Since the beginning of the pandemic, the Federal Reserve has been buying $120 billion dollars a month of U.S. Treasuries. Last month they signaled that they would stop doing this by March 2022 and they would gradually start raising interest rates. Since the Great Financial Crisis of 2008, the Fed has been unable over any meaningful time frame to reduce its bond purchases and raise interest rates. Whenever they have attempted to do so in the past the stock market has always cratered.
Traditionally, Investor preferences of liquidity and expectations of future interest rates shape the yield curve. But there is nothing traditional about the current financial environment. The Fed is the sole and primary buyer of Treasury securities.
Just yesterday afternoon the Fed minutes from its most recent FOMC meeting were released. In that announcement the Fed reiterated that it would reduce its monthly bond purchases.
Here is why this is important and a couple of questions worth pondering.
Who is going to buy the $120 billion of government bonds if the Fed stops?
Do you know of any investor who would willingly invest their savings into an investment where they were guaranteed to lose 5% by purchasing Treasury Bonds?
What options does the Fed have?
The Fed’s balance sheet has grown exponentially since the Great Financial Crisis. In 2007 the Fed’s Balance sheet stood at $870 million. That was the entirety of their purchases since their inception in 1913. Today the Fed’s balance sheet has boated 954% to 9.2 trillion. They have been buying $1.4 trillion worth of Bonds annually.
The entire purpose of the “Too Big to Fail” programs instituted by the Fed 13 years ago was that pushing interest rates to zero and them buying bonds would stimulate the economy enough to generate more additional tax revenue. Neither of these occurred.
If they raise interest rates, the cost of financing the government debt goes up exponentially. When interest rates go from 1.5% to 1.75% that 25 basis point increase is the equivalent of a 16% increase in the cost of borrowing. Since the debt is being financed on the short end of the yield curve every 5 years, that additional cost of borrowing is very consequential.
If the U.S. is having trouble paying back the 26+ trillion in debt at lower rates what makes us think we can pay it back any better at higher rates?
If the government raises taxes, it becomes a drain on business economic productivity.
If the government reduces spending it also reduces business productivity.
The most ironic part of this announcement was that the Fed said it would end its tapering in March while continuing to make bond purchases in January 2022.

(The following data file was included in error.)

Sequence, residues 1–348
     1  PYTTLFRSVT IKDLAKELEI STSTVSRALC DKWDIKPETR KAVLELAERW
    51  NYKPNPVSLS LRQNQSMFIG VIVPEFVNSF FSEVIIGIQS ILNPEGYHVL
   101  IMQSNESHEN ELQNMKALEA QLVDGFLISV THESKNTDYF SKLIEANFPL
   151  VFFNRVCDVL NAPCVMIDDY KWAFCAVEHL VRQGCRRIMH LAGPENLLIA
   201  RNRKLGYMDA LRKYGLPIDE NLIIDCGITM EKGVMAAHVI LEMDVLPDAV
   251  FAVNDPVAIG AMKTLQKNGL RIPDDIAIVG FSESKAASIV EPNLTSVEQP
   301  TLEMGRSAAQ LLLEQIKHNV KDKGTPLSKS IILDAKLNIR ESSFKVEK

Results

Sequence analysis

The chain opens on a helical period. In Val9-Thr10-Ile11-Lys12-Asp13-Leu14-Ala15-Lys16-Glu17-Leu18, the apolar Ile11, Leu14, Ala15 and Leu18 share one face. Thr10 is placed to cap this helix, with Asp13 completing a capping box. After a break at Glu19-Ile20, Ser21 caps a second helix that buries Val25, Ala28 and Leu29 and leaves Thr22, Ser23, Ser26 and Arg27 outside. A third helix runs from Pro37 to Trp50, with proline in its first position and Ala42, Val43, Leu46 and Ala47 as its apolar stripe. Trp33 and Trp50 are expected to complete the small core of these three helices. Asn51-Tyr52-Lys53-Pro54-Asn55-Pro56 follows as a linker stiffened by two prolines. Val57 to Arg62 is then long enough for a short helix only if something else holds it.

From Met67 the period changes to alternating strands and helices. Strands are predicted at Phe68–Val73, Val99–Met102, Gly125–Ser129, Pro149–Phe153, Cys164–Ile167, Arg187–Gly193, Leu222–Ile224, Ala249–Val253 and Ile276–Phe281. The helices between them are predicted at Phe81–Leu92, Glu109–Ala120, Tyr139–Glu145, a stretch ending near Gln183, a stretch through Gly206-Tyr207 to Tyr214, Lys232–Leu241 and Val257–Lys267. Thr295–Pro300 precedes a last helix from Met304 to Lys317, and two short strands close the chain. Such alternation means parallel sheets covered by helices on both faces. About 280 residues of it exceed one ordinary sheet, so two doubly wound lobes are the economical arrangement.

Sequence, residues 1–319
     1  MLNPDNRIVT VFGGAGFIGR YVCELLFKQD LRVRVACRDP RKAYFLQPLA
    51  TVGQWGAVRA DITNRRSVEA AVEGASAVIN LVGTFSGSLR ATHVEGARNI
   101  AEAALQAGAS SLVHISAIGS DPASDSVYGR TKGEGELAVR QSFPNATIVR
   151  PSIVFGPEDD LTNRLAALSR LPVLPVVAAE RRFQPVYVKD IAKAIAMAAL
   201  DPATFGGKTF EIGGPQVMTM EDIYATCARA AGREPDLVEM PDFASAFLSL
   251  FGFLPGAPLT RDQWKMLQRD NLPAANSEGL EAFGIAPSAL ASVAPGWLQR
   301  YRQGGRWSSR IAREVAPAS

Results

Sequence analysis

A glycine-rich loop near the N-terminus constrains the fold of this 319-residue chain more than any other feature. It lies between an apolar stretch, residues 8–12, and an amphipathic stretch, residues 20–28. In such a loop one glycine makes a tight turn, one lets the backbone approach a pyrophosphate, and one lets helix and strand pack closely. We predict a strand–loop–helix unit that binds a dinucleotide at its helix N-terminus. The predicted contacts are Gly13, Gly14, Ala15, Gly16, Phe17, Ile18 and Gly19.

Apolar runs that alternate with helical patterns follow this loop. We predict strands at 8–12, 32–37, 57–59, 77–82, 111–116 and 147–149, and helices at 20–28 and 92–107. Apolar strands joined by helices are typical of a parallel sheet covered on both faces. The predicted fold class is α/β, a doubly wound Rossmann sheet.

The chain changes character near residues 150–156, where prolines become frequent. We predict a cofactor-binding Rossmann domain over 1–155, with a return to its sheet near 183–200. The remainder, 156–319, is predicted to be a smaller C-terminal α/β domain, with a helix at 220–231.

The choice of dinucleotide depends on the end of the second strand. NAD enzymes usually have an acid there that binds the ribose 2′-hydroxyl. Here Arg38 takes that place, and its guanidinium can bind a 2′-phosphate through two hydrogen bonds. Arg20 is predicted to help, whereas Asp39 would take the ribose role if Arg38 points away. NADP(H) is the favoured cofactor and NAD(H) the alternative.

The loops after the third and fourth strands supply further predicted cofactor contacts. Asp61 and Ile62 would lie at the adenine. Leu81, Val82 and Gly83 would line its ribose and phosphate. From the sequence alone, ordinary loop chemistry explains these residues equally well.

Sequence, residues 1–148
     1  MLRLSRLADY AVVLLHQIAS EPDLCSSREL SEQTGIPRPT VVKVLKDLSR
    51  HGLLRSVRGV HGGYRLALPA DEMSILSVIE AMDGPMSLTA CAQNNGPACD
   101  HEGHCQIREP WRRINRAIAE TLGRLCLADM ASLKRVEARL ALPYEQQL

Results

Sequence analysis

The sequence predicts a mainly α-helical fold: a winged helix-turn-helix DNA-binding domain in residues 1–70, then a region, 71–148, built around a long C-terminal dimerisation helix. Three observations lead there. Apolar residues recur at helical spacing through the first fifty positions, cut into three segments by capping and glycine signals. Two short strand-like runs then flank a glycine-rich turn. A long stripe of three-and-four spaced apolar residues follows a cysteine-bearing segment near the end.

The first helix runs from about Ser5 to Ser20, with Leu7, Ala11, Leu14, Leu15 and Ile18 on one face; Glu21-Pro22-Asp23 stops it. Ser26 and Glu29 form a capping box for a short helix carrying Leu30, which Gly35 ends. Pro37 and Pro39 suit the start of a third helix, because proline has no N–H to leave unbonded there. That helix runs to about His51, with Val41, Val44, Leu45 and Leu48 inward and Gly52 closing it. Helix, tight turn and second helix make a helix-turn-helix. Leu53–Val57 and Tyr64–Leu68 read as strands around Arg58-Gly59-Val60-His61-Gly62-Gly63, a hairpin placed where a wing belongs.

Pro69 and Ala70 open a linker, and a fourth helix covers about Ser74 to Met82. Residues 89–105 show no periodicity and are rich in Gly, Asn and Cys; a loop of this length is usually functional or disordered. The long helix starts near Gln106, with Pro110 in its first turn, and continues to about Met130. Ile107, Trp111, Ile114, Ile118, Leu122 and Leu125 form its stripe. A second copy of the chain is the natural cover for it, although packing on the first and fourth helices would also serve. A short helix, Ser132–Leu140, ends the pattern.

Any way I look at it the Fed is caught between a rock and a hard place. They genuinely want to reduce bond purchases. They genuinely want to raise interest rates. Doing either drives the economy off the fiscal cliff.
At the core of this madness is that pundits in the media are defining economic health as the Fed continuing to buy $1.4 trillion in government bonds annually.
Here are a few more charts for you to peruse as you contemplate these issues.
The first is the annual weekly chart 2-year U.S. Treasury Note.
As fixed instrument prices fall the yields increase. This chart is clearly in a downtrend and communicates loud and clear that the short end of the yield curve is increasing its interest rate very quickly.
As a comparison, here is the chart of the 10-year Treasury Note.
Observe how this weekly chart of the 2021 price action on 10-year U.S. Notes, has not made a new “lower low” yet.
When you put both charts together you quickly can see that 2-year notes are falling much faster than 10 year notes. And this predicament is signaling loud and clear that should the yield curve invert, the fixed income market is forecasting a recession.
The shape of the yield curve changes with the perception of the health of the economy. My concern is that an economy is not healthy when the Fed is the only buyer of the government’s debt. And this being the case, the only thing that matters is the Fed. Traditionally a yield curve inversion is a very bad omen for the economy. It might be so today, but until the Fed cuts the purse strings by supporting the economy, we are forced to look at the yield curve and the financial markets differently. For the last 13 years, since the Great Financial Crisis the Fed has taken it upon itself to manipulate interest rates for the greater good. Before this occurred an inversion of the yield curve signaled a turning of the business cycle. Today, by my estimation an inversion of the yield curve will force the Fed to continue to adopt its Quantitative Easing even though it has been completely ineffective.
I don’t think the Fed can taper without cratering the financial markets and the economy. The question I keep asking myself, is who then will buy the bonds? Or stated another way, is the government going to reduce spending so that the bond purchases don’t have to occur?
We are in uncharted waters.
Traditional economic theories don’t work for traders.
The only thing that a trader is concerned with is being on the right side, of the right market at the right time.
And that means harnessing the power of VantagePoint’s artificial intelligence.
Everything else is just noise.
The race to debase is very real. This economic environment is forcing traders into much shorter time frames as everyone in the marketplace chases yield.
Real asset prices will keep rising as the yield chase intensifies. Cheap capital will keep flooding the market. And our economy will continue its addiction to a horrible monetary stimulus.
Do you have the tools and ability to find the strongest trends at right time in this economic environment? What is your plan for maintaining your purchasing power as this trend accelerates?
I’d like to invite you to visit with us at one of our live Master Class Webinars where we show how artificial intelligence is the only means to stay consistently up to date on the risk and reward opportunities in this environment.